A few years ago, when I was looking around the University of Lincoln for my MA course, the guide, a 2nd year undergraduate, said he hadn’t known Isaac Newton was from Lincolnshire until he’d come to the University. I think he was from Nottinghamshire. Sir Isaac isn’t our only famous scientist however.
Join Anna and Evan on a magical adventure to the Galapagos Islands where they meet Charles Darwin, discover unusual animals and learn some interesting scientific facts.
This engaging and educational book is ideal for young children to encourage curiosity and interest in the natural world and science.
The project was supported by L’Oréal UK and Ireland For Women In Science Fellowship.
The Department of Chemistry at Cambridge tweeted: https://twitter.com/ChemCambridge/status/1095236077911187456Continue reading “Children’s Book Review: ‘Anna & Evan Meet Charles Darwin’, by Tanya Hutter & Lina Daniel, illustrated by Karin Eklund”
Specifically, questions about the universe.
Right, so the universe is expanding. Current theory and available data suggests this.
My question, a question I’ve had for about 20 years, is, what is the universe expanding in to?
This is another of my ‘brain won’t shut off’ thoughts.
I was trying to visualise it all last night but I struggled with something. When people refer to ‘the universe’ do they mean the mass and energy created in the Big Bang, that now forms the galaxies of the universe? Or are they referring to everything, all that is?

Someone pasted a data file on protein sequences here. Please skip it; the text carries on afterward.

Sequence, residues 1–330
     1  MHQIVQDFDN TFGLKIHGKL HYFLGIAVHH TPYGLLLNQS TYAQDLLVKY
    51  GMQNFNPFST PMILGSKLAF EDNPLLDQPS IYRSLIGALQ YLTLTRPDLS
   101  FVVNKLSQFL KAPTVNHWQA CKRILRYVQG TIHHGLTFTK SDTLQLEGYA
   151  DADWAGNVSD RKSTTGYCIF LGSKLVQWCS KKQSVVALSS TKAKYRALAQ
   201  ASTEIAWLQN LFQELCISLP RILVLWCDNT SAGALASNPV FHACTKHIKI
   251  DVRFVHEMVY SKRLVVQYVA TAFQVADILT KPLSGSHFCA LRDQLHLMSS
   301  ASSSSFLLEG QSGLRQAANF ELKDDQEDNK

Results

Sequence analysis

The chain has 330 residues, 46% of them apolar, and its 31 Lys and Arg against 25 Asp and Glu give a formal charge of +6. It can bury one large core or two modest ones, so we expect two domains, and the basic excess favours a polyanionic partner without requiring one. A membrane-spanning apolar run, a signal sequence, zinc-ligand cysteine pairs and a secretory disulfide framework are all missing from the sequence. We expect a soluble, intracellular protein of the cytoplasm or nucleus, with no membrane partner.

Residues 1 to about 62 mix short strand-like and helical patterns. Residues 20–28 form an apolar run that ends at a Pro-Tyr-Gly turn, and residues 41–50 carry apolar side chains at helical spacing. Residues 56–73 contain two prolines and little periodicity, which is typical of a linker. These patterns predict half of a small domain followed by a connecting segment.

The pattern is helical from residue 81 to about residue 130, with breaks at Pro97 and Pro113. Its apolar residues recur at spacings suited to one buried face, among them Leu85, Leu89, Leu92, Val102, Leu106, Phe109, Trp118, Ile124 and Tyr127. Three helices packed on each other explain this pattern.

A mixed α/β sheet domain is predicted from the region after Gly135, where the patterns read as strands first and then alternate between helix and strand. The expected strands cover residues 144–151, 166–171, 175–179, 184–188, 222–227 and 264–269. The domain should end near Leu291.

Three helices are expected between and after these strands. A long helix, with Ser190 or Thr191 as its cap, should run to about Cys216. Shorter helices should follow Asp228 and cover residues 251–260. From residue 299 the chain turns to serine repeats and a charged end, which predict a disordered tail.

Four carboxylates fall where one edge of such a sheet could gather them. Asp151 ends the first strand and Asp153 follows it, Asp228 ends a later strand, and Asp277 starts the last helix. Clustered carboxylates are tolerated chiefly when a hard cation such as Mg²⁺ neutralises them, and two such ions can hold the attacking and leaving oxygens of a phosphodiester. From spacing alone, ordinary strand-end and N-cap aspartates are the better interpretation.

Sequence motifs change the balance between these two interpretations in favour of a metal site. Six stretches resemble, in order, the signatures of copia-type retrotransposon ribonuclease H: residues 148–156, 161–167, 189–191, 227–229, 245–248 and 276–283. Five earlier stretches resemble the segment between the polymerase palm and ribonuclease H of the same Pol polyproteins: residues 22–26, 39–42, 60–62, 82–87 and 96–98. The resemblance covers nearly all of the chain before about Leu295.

I tried to come up with a way to visualise what I mean and I’m struggling. The best I’ve got so far is a balloon. At Big Bang, the singularity of energy that ‘exploded’ to produce all the energy and matter in the universe, is represented by a flaccid balloon. It starts to inflate and expands as air is forced into it, representing the expansion of the universe. There’s lots of energy produced, formation of stars, dark energy etc.
Now, what is that balloon expanding into?
Is there a reality outside of the universe, a box the balloon is expanding into? If there is, does the ‘box’ grow to fit the ever expanding balloon, or is there a limit that the balloon will reach? And what is the nature of that box? And, if we continue the analogy, will the balloon burst at some point in time, stretched to breaking point by the mass and energy that makes it?
Say there isn’t a ‘box’, what is there? Does something come into being with the expansion of the universe into that space? What is the nature of that space?
It’s all so confusing!
My confusion was added to when I read an article in New Scientist a few years ago about bubble universes. What’s in the space between?
See, this is why I never got anywhere as a scientist, my brain gets distracted by probably pointless questions that others have probably already answered. In the other hand, it does provide me with inspiration for writing. Got something bubbling away.
Published by: ICON
Publication Date: 24th January 2017
Many people believe that, at its core, biological sex is a fundamental, diverging force in human development. According to this overly familiar story, differences between the sexes are shaped by past evolutionary pressures: Women are more cautious and parenting-focused, while men seek status to attract more mates. In each succeeding generation, sex hormones and male and female brains are thought to continue to reinforce these unbreachable distinctions, making for entrenched inequalities in modern society.